Day 8:

Paddle the last few miles to Brooks Camp and unload our gear. We spend our last night of the trip in Brooks Camp, the Katmai National Park campground and will have the afternoon to watch bears from the platforms overlooking the world famous Brooks Falls.

Day 9:

After a last walk up to Brooks Falls, we meet our plane and depart Brooks Camp. We fly back to King Salmon, and then catch a jet back to Anchorage arriving late in the evening.  Change socks!


Transportation beyond Anchorage, food while in the wilderness, stoves, cooking & eating utensils, boats, paddles, life jackets, safety & repair gear and professional guide service.


Non-camp lodging, non-camp meals, personal clothing and gear, waterproof river bag, fishing gear, and fishing license. Gratuity for guide(s). Rental equipment is available through Arctic Wild. See full equipment list.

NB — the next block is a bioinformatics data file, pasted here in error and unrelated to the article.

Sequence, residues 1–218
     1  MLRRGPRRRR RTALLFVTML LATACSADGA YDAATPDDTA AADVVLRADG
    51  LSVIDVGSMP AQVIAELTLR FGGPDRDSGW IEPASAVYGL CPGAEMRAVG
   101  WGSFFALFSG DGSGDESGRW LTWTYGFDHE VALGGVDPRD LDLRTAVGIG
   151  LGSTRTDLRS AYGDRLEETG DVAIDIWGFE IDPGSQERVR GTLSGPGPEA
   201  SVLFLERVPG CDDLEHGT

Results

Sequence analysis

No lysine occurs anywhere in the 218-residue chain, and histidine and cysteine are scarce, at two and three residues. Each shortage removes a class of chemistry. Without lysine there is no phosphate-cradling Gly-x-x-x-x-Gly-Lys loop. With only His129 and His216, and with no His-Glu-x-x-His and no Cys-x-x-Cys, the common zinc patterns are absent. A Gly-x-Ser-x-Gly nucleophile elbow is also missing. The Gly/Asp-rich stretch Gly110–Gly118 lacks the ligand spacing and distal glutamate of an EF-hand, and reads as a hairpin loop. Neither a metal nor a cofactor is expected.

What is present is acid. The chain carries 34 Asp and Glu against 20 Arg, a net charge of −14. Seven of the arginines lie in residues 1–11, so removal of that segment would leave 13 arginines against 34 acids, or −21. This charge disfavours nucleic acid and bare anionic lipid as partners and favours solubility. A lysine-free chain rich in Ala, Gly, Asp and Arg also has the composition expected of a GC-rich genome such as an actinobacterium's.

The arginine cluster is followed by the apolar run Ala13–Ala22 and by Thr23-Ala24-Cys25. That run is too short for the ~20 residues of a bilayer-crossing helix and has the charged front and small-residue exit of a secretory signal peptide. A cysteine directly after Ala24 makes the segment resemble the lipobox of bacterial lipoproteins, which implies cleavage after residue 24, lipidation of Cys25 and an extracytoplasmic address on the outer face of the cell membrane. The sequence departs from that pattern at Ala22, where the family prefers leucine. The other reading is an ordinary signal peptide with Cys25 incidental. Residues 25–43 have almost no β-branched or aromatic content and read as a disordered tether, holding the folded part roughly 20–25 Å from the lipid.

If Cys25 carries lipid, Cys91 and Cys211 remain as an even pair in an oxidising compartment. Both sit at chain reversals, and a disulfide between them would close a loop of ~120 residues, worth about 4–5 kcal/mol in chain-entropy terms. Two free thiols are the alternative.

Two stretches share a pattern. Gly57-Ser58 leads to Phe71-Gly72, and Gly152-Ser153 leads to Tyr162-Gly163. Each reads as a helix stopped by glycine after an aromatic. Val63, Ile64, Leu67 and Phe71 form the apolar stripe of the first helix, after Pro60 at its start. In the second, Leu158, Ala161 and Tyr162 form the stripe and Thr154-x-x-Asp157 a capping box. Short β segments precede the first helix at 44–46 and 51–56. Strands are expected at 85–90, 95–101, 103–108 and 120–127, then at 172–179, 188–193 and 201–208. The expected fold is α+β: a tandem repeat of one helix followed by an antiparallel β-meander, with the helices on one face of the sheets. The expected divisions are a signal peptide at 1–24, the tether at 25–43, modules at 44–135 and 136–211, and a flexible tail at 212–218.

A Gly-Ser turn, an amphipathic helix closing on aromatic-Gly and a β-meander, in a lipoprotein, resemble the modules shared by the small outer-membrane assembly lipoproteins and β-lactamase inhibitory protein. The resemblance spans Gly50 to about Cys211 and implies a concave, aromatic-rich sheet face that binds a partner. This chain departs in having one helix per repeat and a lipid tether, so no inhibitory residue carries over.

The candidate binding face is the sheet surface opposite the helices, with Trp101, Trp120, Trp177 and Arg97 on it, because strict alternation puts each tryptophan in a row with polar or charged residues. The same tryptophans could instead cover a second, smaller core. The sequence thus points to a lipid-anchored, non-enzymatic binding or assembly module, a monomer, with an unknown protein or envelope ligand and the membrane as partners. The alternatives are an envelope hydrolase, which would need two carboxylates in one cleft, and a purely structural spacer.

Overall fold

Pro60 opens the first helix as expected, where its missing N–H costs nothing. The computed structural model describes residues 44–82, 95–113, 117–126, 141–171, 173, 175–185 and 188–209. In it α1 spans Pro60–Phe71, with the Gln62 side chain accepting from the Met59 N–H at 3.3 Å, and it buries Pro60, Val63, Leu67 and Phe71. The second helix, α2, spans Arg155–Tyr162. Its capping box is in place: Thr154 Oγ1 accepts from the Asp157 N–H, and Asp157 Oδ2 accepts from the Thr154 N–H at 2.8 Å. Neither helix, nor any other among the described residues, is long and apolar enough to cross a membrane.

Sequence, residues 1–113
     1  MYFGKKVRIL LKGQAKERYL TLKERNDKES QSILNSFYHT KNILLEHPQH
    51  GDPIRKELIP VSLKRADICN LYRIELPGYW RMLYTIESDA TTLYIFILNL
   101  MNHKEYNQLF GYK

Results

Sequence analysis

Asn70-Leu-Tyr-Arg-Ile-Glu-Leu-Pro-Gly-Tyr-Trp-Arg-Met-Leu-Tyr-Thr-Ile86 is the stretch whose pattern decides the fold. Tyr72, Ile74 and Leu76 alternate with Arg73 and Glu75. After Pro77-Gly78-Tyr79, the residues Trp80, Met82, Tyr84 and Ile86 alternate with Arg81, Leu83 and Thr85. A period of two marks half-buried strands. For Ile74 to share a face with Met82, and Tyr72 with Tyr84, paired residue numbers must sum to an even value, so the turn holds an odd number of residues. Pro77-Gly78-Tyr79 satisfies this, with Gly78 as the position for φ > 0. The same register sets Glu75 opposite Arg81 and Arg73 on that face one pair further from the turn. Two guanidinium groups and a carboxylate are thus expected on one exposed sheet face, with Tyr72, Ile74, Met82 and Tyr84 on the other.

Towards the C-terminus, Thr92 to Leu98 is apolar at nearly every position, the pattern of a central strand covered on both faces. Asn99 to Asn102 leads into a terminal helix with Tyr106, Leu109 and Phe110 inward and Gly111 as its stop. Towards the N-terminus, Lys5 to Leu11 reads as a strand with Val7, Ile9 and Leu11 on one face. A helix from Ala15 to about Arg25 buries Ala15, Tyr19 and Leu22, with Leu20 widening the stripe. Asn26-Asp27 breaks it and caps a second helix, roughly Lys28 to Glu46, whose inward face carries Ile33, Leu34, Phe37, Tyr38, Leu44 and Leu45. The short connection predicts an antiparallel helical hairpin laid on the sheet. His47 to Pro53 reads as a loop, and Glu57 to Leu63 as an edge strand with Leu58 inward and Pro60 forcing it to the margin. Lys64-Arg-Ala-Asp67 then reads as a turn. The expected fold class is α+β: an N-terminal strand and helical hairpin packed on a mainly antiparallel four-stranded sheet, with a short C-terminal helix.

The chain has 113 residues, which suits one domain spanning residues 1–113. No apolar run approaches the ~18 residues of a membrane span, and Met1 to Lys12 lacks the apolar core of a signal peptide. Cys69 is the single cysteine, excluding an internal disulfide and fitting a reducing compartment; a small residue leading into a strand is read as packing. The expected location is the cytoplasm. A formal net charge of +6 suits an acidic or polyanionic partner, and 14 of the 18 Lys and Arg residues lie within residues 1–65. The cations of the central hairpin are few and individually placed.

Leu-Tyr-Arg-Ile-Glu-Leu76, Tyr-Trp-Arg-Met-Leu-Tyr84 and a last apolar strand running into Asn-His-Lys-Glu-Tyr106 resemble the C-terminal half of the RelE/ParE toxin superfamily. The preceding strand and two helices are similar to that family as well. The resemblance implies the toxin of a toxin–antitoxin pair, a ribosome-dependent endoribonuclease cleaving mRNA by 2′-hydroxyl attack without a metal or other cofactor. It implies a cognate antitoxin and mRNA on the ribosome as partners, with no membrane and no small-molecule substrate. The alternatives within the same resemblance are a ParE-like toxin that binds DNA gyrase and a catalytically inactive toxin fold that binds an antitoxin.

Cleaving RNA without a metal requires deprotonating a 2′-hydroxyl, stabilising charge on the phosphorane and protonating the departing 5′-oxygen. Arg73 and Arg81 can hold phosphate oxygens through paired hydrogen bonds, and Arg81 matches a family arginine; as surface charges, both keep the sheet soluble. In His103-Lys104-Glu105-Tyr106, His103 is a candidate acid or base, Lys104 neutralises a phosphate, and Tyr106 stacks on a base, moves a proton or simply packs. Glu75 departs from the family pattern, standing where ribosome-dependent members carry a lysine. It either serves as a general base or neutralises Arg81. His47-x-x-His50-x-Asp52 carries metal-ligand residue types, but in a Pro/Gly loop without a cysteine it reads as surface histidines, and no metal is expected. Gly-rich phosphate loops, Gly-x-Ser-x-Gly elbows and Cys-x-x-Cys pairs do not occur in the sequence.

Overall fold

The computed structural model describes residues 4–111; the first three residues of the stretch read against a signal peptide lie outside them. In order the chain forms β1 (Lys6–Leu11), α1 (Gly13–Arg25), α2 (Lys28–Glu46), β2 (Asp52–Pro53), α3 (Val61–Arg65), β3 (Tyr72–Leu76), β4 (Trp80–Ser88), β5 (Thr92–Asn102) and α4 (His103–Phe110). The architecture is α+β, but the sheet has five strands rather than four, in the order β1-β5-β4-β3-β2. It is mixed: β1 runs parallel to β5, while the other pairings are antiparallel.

Temperatures vary from the 60’s to the low 40’s.  Rain is almost assured.  We should be well past the peak of bugs, but some flies may persist.  For this reason, you should pack a headnet and DEET bug repellent.


Grizzly Maze, Nick Jans; The Bears of Katmai, Matthais Breiter; Path of the Paddle, Bill Mason. More Alaska reading is available from our Bookstore.